British-Irish chamber to mark close economic ties
Commercial relationship between two countries worth €1.2 billion a week
Bloodstock exports from the Republic to Britain were worth €204 million last year and Britain is the biggest market for Irish-bred horses. Photograph: Cathal Noonan/Inpho.
The British-Irish Chamber of Commerce is going racing this week to help cement the trading relationship between the two countries that the latest figures show is worth some €1.2 billion a week.
The chamber is joining forces with Leopardstown Racecourse in Dublin on Friday evening to host the historic King George V race day, to mark the close economic ties between the Republic and UK.
Steve Aiken, British-Irish Chamber of Commerce chief executive, said the latest figures show that the Republic exports €14 billion worth of goods to the UK annually, while about €27 billion come the other way.
“If the value of services is also included, this builds to an impressive €1.2 billion worth of economic activity per week,” he said. “For instance the UK represents the destination for around 42 per cent of Ireland’s food exports, with close to €1 billion in annual beef exports.”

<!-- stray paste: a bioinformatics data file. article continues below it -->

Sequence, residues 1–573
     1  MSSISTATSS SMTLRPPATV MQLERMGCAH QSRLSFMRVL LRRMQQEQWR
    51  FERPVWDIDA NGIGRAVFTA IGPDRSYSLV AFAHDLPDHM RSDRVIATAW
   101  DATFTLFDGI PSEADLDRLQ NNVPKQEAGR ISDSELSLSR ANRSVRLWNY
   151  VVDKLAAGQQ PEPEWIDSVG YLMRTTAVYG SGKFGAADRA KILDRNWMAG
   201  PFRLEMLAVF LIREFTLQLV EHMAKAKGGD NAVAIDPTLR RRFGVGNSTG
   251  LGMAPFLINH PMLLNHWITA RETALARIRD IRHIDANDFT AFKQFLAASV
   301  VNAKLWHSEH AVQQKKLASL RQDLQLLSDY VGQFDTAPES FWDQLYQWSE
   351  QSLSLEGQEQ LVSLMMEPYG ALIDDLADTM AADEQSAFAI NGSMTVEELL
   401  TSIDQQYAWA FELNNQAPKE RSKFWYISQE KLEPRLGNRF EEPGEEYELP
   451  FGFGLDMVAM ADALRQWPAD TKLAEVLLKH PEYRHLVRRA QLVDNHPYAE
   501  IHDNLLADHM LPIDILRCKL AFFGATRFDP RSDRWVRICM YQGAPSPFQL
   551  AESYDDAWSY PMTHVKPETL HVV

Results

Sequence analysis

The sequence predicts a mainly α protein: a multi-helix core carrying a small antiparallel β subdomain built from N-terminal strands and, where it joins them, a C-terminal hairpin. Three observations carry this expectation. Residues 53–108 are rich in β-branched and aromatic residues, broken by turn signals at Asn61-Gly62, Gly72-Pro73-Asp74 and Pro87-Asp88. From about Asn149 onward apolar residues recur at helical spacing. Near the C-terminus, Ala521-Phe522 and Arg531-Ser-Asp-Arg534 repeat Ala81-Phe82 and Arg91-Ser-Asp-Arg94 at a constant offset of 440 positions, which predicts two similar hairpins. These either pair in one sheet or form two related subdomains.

British ambassador Dominick Chilcott and the Government are backing the event. Mr Chilcott said the evening would also focus on strong ties between the two countries’ horseracing and breeding industries.
“The thoroughbred industry is vital to the Irish economy, contributing nearly €1.1 billion a year with approximately 14,000 people employed in Ireland, whilst the UK is a major market for the sport horse sector,” said Mr Chilcott.
Bloodstock exports were worth €204 million last year and Britain is the biggest market for Irish-bred horses.